Schools vary widely in the types of essay prompts they ask. The biggest area most students miss is answering the prompt in each sentence of every response. Most students actually tend to ignore the prompt as they write the essays. Given the tendency of AP and IB tests to award longer, convoluted essays higher grades, students get conditioned to writing in that style. For college admissions, officers usually do not spend more than 1 hour reading through an application, and often typically less if the student's numbers are far off from the average. The best way to improve essays is to re-read the essays and make sure each paragraph supports a central thesis that in turn answers the prompt.

The second biggest area students should focus on is writing genuine, thoughtful essays. Many students try to impress admissions officers by either listing their activities or using vocabulary that distances the reader from the writer. Generally, most short responses (~300 characters) are actually asking for a short response - not an essay response. Long essay response should usually have shorter paragraphs making them faster and easier to read. An admissions officer reads thousands of essays per day in a short time frame and wants to truly understand who you are. As a writer, you can help them by being honest and genuine and supporting your claims with what you have done in high school or experiences you have had.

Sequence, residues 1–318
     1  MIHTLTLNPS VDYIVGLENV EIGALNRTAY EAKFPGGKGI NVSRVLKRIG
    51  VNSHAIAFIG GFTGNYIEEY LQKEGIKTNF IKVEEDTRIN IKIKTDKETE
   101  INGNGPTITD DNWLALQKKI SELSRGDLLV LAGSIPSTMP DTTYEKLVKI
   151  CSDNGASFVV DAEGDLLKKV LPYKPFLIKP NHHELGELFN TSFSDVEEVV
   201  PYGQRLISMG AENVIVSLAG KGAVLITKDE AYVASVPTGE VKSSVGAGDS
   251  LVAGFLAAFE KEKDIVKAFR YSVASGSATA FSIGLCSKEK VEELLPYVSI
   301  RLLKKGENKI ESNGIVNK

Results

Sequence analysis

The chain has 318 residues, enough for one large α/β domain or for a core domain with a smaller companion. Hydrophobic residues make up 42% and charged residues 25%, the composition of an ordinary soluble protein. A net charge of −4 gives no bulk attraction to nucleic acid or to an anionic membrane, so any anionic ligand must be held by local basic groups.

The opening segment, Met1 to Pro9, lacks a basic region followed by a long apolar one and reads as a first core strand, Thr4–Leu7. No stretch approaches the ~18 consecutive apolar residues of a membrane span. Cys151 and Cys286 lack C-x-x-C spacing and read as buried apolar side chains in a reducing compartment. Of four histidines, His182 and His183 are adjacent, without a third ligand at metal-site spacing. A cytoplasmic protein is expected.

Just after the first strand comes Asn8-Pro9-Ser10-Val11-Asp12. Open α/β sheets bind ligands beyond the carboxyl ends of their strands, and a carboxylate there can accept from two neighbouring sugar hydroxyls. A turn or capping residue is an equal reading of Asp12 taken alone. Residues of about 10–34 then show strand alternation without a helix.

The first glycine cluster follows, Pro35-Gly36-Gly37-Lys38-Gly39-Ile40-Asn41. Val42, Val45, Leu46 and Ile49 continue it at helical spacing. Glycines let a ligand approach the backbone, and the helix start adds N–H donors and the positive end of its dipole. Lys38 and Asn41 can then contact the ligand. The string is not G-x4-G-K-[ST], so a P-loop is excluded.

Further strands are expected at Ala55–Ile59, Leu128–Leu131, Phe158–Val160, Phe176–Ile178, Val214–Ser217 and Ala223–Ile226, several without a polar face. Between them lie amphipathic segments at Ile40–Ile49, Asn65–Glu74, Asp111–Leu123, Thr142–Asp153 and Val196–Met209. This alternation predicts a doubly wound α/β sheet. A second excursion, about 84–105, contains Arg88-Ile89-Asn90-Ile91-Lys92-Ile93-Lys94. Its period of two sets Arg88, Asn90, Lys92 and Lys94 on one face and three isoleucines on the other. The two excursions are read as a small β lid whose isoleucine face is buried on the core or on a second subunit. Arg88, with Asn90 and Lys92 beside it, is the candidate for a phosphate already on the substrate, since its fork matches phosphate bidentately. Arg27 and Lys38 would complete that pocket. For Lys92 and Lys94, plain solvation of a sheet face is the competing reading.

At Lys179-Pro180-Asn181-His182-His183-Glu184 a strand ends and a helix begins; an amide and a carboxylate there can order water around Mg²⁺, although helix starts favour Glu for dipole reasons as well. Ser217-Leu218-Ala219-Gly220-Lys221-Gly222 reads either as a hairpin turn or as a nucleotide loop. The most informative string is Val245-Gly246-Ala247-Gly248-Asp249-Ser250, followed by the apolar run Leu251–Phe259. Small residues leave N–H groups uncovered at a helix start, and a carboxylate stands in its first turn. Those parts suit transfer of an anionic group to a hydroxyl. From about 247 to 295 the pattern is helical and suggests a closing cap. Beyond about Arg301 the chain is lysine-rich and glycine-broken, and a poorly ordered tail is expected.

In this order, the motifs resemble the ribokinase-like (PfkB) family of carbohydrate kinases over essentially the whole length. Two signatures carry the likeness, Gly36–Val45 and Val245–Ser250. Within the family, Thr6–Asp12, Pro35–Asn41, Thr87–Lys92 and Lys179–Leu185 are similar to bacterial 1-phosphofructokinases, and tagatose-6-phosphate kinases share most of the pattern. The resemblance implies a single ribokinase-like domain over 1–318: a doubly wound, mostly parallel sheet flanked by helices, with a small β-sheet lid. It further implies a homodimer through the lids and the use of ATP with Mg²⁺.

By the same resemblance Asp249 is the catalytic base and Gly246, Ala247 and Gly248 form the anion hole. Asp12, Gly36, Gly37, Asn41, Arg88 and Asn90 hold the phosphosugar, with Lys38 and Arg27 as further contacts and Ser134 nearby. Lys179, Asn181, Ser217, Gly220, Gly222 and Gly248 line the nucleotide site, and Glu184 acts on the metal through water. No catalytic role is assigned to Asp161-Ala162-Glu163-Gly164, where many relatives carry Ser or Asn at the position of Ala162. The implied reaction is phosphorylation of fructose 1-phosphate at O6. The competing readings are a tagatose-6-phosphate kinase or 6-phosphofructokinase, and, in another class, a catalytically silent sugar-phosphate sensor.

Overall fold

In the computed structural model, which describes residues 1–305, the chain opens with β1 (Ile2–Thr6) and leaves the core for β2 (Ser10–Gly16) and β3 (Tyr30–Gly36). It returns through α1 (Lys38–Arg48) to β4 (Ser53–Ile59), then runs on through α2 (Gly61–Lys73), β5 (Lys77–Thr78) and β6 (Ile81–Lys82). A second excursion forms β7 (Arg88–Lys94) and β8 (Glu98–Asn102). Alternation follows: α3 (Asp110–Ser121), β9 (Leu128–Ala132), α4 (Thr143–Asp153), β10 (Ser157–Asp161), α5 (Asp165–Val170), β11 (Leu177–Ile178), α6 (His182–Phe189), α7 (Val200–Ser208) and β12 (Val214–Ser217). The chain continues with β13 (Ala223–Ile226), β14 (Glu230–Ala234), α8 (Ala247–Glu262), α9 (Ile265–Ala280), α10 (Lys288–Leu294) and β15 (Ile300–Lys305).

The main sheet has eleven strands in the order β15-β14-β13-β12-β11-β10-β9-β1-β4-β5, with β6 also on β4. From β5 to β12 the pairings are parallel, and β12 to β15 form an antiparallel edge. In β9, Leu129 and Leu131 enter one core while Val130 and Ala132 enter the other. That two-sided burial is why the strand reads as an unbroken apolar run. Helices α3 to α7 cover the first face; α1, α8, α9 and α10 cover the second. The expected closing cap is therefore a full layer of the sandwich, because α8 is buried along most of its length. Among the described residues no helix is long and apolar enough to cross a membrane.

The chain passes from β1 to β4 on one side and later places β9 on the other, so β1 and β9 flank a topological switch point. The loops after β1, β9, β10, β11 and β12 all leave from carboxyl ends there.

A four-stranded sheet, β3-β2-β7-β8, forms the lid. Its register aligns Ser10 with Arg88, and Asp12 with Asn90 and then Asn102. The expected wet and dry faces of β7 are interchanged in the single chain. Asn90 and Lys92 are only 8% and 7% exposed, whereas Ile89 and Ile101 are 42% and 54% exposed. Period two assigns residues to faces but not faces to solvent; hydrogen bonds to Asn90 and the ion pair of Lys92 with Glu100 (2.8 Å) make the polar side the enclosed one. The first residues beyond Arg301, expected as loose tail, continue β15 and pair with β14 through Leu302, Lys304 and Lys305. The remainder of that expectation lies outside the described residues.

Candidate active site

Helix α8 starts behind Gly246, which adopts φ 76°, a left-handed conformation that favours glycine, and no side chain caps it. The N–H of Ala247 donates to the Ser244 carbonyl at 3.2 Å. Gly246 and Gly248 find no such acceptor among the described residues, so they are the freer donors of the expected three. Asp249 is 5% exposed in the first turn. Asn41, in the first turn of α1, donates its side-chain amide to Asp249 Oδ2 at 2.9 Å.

The third largest area students should focus on is supporting claims. Any student can claim they are interested in science, but the student who proves that interest with evidence of their life (experiences, internships, summer programs, school clubs, volunteer work) will be more convincing. Imaging most essays as persuasive essays where you are reading your essay to a panel of 10 judges. Use ethos, pathos, and logos methods to convince readers that your passion is true. More so, this will come naturally if you actually think deeply about who you are, why you have pursued certain activities, and how you hope to become. The beauty of the college admissions process is that most students (~80%) change their major in college, so admissions officers are not filtering for an exact major but an ability to find and articulate a passion.

At Synocate, we have helped students apply to all types of colleges and have seen the same three pitfalls for many years. Students should focus on actually answering the prompt in each paragraph, being concise and thoughtful instead of trying to show off, and supporting claims with evidence from their life. In most cases, if students think of these three areas when writing essays they will write much more thoughtful essays. Over the past three years, we have created a free resource for actual student essays and more analysis on each type of essay.